April 22

What was advertised in a colonial American newspaper 250 years ago today?

Pennsylvania Chronicle (April 22, 1771).

“A Sermon, on the death of the Rev. Mr. GEORGE WHITEFIELD, preached by JOHN WESLEY.”

In the months following his death in Newburyport, Massachusetts, on September 30, 1770, the commemoration and commodification of George Whitefield became a minor industry as printers and booksellers produced and marketed commemorative items.  Advertisements for funeral sermons, poems, hymnals, and other memorabilia appeared in newspapers from New Hampshire to South Carolina before the end of the year.  In the following spring, another round of advertising coincided with vessels bringing news – and new merchandise – from England.  Printers in several colonies created and sold American editions of Whitefield’s will and a funeral sermon delivered by John Wesley.

This new round of marketing began on March 21 with an advertisement in the New-York Journal.  John Holt, the printer of that newspaper, announced his plan to publish the “celebrated Sermon … on the Death of the late Rev. Mr. George Whitefield … By JOHN WESLEY.”  A week later, he ran a new advertisement advising readers that they could purchase the sermon at his printing office or from bookbinder George Leedel.  A few weeks later, consumers in other colonies soon encountered similar advertisements for Whitefield commemorative items.  On April 19, John Fleeming advertised his own edition of Wesley’s sermon in the Massachusetts Gazette and Boston Weekly Mercury.  On the same day, Daniel Fowle and Robert Fowle, printers of the New-Hampshire Gazette, advertised that they planned to publish the “last Will and TESTAMENT of the late Reverend and worthy GEORGE WHITEFIELD,” a timely piece that “came in the last Ships from London.”

The marketing of new Whitefield memorabilia expanded to another colony yet again on April 22 with John Dunlap’s advertisement in the Pennsylvania Chronicle.  He informed prospective customers that Wesley’s sermon “Just came to hand.”  He most likely sold Holt’s American edition.  His advertisement also promoted “the Deserted Village, a Poem by Dr. GOLDSMITH.”  Holt advertised those two titles together on March 28.  Dunlap carried them at “the Newest Printing-office, in Market-street, Philadelphia,” a few weeks later.  The widespread production and marketing of Whitefield commemorative items testified to the minister’s celebrity in the colonies.  That process also revealed the extent that printers, booksellers, and others saw his death as an opportunity to generate revenues through commodification that doubled as mourning.

April 19

What was advertised in a colonial American newspaper 250 years ago today?

Massachusetts Gazette and Boston Weekly News-Letter (April 19, 1771).

“This Sermon contains a summary Account of Mr. WHITEFIELD’S Life.”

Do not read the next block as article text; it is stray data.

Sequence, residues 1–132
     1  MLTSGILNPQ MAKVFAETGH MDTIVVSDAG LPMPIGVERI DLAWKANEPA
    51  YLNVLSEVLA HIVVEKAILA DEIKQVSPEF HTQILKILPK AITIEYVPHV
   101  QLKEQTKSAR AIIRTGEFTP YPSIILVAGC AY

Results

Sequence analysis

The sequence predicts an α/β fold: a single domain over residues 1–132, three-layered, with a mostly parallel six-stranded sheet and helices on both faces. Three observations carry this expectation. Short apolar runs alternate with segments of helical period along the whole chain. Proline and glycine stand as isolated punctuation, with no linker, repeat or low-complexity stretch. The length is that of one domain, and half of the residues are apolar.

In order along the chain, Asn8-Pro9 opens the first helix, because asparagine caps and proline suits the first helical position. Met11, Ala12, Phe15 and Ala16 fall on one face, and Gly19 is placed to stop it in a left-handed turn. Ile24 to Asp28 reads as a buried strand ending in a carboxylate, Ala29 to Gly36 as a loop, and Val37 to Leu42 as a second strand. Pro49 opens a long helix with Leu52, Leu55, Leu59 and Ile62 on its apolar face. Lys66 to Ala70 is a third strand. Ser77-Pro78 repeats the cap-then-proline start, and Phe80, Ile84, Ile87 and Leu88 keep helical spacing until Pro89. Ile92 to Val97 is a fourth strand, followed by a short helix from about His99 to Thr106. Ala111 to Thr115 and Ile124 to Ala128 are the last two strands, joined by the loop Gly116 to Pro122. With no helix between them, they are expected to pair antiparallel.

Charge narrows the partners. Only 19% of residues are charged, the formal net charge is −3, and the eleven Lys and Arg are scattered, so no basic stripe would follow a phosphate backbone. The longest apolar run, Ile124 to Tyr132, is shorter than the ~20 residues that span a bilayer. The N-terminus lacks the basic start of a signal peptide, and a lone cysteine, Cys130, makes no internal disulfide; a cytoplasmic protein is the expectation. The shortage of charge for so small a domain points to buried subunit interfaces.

When George Whitefield, one of the most prominent ministers associated with the eighteenth-century religious revivals now known as the Great Awakening, died in Newburyport, Massachusetts, on September 30, 1770, news quickly spread.  Accounts of his death first appeared in newspapers published in Boston, radiating out to newspapers in other cities and towns.  Almost immediately, printers, booksellers, and others began marketing commemorative items in memory of Whitefield.  Commodification of the minister’s death became part of the mourning ritual.

From New Hampshire to South Carolina, newspapers carried advertisements for books, broadsides, and poems.  Readers encountered those advertisements for nearly three months before they tapered off.  After another three months, advertisements for new Whitefield memorabilia began appearing in colonial newspapers, this time for items related to reactions to the minister’s death on the other side of the Atlantic.  On March 21, 1771, the New-York Journal carried an advertisement for “THE celebrated Sermon preached … on the Death of the late Rev. Mr. George Whitefield … By JOHN WESLEY.”  John Holt, printer of the New-York Journal, took to press the first American edition of Wesley’s funeral sermon.

Nearly a month later, John Fleeming advertised and published another edition in Boston.  He ran an advertisement in the April 19 edition of the Massachusetts Gazette and Boston Weekly News-Letter.  Unlike Holt, Fleeming noted that his edition included “a summary Account of Mr. WHITEFIELD’S Life extracted from his own Journals,” an elaboration on the content intended to entice consumers.  This endeavor merited its own advertisement separate from another notice that Fleeming ran to promote stationery and books, including an account of the trials of the soldiers involved in the Boston Massacre, that the printer sold at his shop on King Street.

Most public figures disappeared from colonial newspapers not long after accounts of their deaths.  Printers continued coverage of Whitefield, on the other hand, for many months, publishing both news accounts and advertisements for memorabilia.  Commemoration and commodification occurred simultaneously as Whitefield continued to appear in the colonial press more than half a year after his death.

March 28

What was advertised in a colonial American newspaper 250 years ago today?